The following is an edited version of an article that was published on Magdeburgerjoe.com back in 2009. Magdeburgerjoe.com is one of the forerunners of Globe Tribune.Info.
My married sons live on a block lined with store fronts, row houses and apartment buildings. Yesterday, the smell of barbecue was in the air. There was relaxing quantities of beer. The mix of R&B, Motown and reggae made it a pleasure to walk down the street. Reggae music seems to pulsate in rhythm with the heat emanating from the summer sidewalks, translating it into a sensation with which I am at peace.
My block has different musical tastes. On a good day, someone with a good loud stereo is washing their car with bachata music blasting. It’s my favourite music in the Spanish language, aside from Andean music accompanied on indigenous instruments.
But yesterday was not my musically lucky day. There is a type of loud, jarring West Indian music that is seamlessly interspersed with a DJ talking. Its sole redeeming feature is that it showcases regional dialects. From the few profanities I was able to pick out from behind my vibrating windows, it was not worth understanding the rest. On the bright side, the back yard was cleaned before and after. On the down side, the loud music and marijuana laced barbecue smoke made sleep unlikely. The Fourth of July is a sleepless night. We’ve been here a while. We know the drill.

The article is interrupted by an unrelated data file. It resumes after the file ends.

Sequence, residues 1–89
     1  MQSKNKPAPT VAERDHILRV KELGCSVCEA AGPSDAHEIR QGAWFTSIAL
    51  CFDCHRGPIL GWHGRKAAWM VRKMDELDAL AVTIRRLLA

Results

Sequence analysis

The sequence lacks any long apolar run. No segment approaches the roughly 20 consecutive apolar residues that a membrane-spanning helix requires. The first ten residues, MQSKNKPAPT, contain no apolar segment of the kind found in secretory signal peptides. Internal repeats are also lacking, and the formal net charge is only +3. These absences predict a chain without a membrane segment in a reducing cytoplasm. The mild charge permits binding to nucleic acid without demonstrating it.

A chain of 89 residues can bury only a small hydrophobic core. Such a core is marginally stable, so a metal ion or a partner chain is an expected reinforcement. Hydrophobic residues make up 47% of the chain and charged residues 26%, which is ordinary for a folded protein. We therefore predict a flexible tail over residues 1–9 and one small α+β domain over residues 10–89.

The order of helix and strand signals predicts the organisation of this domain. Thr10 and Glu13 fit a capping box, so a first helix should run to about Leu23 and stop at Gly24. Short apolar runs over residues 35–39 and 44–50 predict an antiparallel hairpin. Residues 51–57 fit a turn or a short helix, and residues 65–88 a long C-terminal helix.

About 1:00 AM, sweet deliverance from cacophony came from an unexpected source when about eight shots from a nine millimeter handgun sounded out in front of our driveway. Shortly after, shots from a 22 rang out down the street, sounding pale in comparison. We were surprised. In our neighbourhood, the Fourth of July is a light-hearted time when the steady sequence of gunshots is replaced by the whistles, pops and booms of assorted fireworks.
About a minute and a half after the gunshots, the music stopped. The voices of the revelers were hushed, as though a mute button had been pushed. No one wanted to be searched and detained if the police decided to investigate the gunfire.
Fully three hours early, it seemed that we were to be blessed with a cool, quiet summer night. Then the police helicopters came. Whenever there is a serious crime with a fleeing suspect, there is the option of police helicopters joining the search. For well over an hour, police helicopters circled overhead. Our block was within their circle of surveillance. At first it is a novelty, then it gets to be tedious. A helicopter that is flying low can have a resonance that is distracting. Then there is always the question of what might be happening to actually concern the police. Should we stay out on the steps and watch the show? Or should we stay away from the windows? There are stray shots to be concerned about. And sometimes it is better to turn a blind eye to the dealings of gangs, street kids and assorted recreational pharmacists.
Around 3:00 AM, we got our peace and quiet. The party broke up three hours early, the police circled overhead for a bit less than two hours. So we netted an hour of peace and quiet.
This morning, the block was peaceful. There was no crime tape on our block and no canvassing detectives knocking on doors. Up and down the block, heads rendered horizontal rested in the late morning behind drawn shades. Someone was just shooting for fun. This time, no one was hurt. It’s a beautiful morning on the fifth of July.